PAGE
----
Editor's Note: In Part 1 of her three-part series on e-mail authentication, Knowledge Center contributor Ellen Siegel shared a comprehensive, high-level overview of e-mail authentication. Here, in Part 2, Ellen delves into the functionality and implementation details of Sender Policy Framework (SPF) and Sender ID authentication. In Part 3, Ellen delves into the functionality and technical details of Domain Keys Identified Mail (DKIM).
As discussed in Part 1 of this three-part e-mail authentication series, e-mail authentication is a way of associating a verifiable identity with an e-mail. The industry has settled on two basic approaches to identity verification.
The first approach is path-based, based on the identity of the mail server that delivers the message. The second approach is cryptographic, relying on the fact that the private encryption key used to create a message's digital signature would exist only on authorized mail servers. In the interest of clarity, this article will ignore some of the less common options and focus on the most common configurations.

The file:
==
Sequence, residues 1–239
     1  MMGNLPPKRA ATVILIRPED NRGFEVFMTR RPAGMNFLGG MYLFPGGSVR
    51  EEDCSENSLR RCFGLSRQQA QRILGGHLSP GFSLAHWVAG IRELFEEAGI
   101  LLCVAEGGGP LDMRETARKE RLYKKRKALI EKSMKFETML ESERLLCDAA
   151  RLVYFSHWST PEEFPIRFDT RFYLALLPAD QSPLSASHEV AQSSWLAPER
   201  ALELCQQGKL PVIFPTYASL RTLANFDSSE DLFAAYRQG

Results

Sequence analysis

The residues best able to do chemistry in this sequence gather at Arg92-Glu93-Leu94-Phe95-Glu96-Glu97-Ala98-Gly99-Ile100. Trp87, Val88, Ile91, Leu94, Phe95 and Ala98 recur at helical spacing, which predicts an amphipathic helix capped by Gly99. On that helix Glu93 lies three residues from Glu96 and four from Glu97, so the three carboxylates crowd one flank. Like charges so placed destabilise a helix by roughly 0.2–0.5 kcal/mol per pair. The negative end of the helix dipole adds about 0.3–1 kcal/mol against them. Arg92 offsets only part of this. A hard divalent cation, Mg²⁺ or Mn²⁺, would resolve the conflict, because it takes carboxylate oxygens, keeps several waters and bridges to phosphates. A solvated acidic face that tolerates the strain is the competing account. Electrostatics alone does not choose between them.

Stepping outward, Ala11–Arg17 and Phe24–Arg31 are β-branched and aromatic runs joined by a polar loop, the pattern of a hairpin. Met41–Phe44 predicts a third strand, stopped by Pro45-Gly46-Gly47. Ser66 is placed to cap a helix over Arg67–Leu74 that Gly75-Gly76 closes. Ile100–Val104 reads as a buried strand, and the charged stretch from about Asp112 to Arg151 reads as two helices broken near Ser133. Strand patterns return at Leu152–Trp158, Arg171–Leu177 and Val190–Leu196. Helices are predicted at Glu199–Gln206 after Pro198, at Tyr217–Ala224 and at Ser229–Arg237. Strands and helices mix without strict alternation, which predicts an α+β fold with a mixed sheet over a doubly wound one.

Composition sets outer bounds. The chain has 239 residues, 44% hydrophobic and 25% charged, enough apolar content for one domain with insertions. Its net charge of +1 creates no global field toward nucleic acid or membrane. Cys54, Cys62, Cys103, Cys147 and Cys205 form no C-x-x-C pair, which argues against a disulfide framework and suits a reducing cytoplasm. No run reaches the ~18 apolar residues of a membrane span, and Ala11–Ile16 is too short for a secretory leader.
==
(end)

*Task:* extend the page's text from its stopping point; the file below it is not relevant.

In order to create and publish your own authentication records, you as an individual or a company must own and manage your own Domain Name System (DNS) domain. If you cannot add and modify records in your domain's DNS entry, you will be unable to authenticate your outbound mail, unless you work with a service provider who can publish authentication records on your behalf.
The first step in setting up sender authentication is to do a thorough analysis of every source of mail sent on behalf of someone using your domain(s). That includes your own mail servers, as well as any authorized third parties who send mail with your domain in the From address. Remember that different mail servers may be used for specific functions such as corporate or marketing e-mail.